You are about to erase your work on this activity. Are you sure you want to do this?

Updated Version Available

There is an updated version of this activity. If you update to the most recent version of this activity, then your current progress on this activity will be erased. Regardless, your record of completion will remain. How would you like to proceed?

Mathematical Expression Editor

1 : Consider the function . According to the Fundamental Theorem of Algebra,
how many (possibly complex-valued) zeros are there for ?

The Fundamental
Theorem of Algebra says that the number of zeros is exactly equal to the degree of
the polynomial.

1.1 : There are at leastexactlyat most real-valued solutions.

Although we know there are exactly the same number of
solutions as the degree of the polynomial, some of them might be complex-valued. So
we only know that at most there are real-valued solutions (since they may all
be real) but some could be complex, so we don’t know exactly how many
real-valued solutions there are; at least not without doing a bunch more work.

1.1.1 : This means there could bemore thanexactlyless than real-valued zeros.

Remember that this means there definitely could be a lower
number of real valued solutions than complex valued solutions. In particular, if
there are irreducible quadratic factors; but we will cover this more later!

1.2 : What is the leading term in this polynomial?

Remember that you may
need to simplify (combine like terms) the polynomial to get the correct leading term.

1.3 : What is the leading coefficient in this polynomial?

Remember that you
may need to simplify (combine like terms) the polynomial to get the correct leading
coefficient.

2 : Consider the function . According to the Fundamental Theorem of Algebra,
how many (possibly complex-valued) zeros are there for ?

The Fundamental
Theorem of Algebra says that the number of zeros is exactly equal to the degree of
the polynomial.

2.1 : There are at leastexactlyat most real-valued solutions.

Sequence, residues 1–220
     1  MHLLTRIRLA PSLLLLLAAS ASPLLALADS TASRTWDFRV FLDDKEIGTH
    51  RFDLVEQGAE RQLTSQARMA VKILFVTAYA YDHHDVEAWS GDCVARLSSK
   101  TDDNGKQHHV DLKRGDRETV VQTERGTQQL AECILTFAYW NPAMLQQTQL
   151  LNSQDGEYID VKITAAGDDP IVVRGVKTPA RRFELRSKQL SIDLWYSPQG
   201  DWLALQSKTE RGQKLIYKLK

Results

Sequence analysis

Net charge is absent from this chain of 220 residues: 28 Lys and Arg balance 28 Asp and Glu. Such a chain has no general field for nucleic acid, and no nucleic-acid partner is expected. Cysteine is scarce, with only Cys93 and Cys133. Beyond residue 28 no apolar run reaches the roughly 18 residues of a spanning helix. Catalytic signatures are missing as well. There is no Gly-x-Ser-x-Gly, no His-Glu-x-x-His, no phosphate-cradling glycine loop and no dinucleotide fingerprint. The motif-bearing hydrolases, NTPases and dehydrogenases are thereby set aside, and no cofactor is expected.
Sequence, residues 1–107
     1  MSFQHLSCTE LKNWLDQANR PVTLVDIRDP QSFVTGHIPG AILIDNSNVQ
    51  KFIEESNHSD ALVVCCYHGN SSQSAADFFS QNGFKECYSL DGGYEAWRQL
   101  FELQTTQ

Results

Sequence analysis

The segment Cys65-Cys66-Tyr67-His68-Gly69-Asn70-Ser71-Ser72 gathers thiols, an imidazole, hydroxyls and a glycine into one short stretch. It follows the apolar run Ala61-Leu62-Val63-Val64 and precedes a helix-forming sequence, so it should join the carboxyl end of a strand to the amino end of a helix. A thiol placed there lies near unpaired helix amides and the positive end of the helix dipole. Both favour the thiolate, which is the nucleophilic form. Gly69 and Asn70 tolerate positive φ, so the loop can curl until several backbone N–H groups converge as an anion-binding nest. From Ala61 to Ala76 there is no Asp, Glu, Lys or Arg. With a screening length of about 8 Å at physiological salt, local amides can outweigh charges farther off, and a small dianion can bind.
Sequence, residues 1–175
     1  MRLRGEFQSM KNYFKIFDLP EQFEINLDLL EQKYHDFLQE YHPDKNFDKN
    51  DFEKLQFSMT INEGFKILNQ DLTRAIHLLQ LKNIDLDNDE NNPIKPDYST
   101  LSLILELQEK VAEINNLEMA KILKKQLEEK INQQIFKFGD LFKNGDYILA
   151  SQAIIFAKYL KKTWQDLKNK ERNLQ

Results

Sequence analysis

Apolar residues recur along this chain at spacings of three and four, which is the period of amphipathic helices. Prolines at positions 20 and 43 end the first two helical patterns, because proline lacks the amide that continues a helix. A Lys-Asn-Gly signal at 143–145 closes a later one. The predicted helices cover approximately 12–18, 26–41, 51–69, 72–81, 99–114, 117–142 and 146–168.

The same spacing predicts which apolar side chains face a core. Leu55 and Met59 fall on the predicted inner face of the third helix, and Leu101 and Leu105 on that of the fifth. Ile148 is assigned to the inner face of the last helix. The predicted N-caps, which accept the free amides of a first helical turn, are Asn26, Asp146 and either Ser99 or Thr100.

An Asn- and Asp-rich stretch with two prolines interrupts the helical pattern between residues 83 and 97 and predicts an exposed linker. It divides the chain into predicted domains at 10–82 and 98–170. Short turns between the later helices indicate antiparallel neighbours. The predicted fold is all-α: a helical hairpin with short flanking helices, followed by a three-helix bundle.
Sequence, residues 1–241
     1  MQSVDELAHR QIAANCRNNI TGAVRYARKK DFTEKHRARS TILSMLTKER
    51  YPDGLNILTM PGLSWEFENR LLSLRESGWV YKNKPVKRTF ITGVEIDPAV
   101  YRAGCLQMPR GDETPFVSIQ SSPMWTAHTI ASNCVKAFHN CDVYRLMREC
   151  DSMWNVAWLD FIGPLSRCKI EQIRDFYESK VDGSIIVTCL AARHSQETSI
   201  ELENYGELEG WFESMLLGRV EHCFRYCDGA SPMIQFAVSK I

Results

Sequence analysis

Although we know there are exactly the same number of
solutions as the degree of the polynomial, some of them might be complex-valued. So
we only know that at most there are real-valued solutions (since they may all
be real) but some could be complex, so we don’t know exactly how many
real-valued solutions there are; at least not without doing a bunch more work.

2.1.1 : This means there could bemore thanexactlyless than real-valued zeros.

Remember that this means there definitely could be a lower
number of real valued solutions than complex valued solutions. In particular, if
there are irreducible quadratic factors; but we will cover this more later!

2.2 : What is the leading term in this polynomial?

Remember that you may
need to simplify (combine like terms) the polynomial to get the correct leading term.

2.3 : What is the leading coefficient in this polynomial?

Remember that you
may need to simplify (combine like terms) the polynomial to get the correct leading
coefficient.

3 : Consider the function . According to the Fundamental Theorem of Algebra,
how many (possibly complex-valued) zeros are there for ?

The Fundamental
Theorem of Algebra says that the number of zeros is exactly equal to the degree of
the polynomial.

3.1 : There are at leastexactlyat most real-valued solutions.

Although we know there are exactly the same number of
solutions as the degree of the polynomial, some of them might be complex-valued. So
we only know that at most there are real-valued solutions (since they may all
be real) but some could be complex, so we don’t know exactly how many
real-valued solutions there are; at least not without doing a bunch more work.

3.1.1 : This means there could bemore thanexactlyless than real-valued zeros.

Remember that this means there definitely could be a lower
number of real valued solutions than complex valued solutions. In particular, if
there are irreducible quadratic factors; but we will cover this more later!

3.2 : What is the leading term in this polynomial?

Remember that you may
need to simplify (combine like terms) the polynomial to get the correct leading term.

3.3 : What is the leading coefficient in this polynomial?

Remember that you
may need to simplify (combine like terms) the polynomial to get the correct leading
coefficient.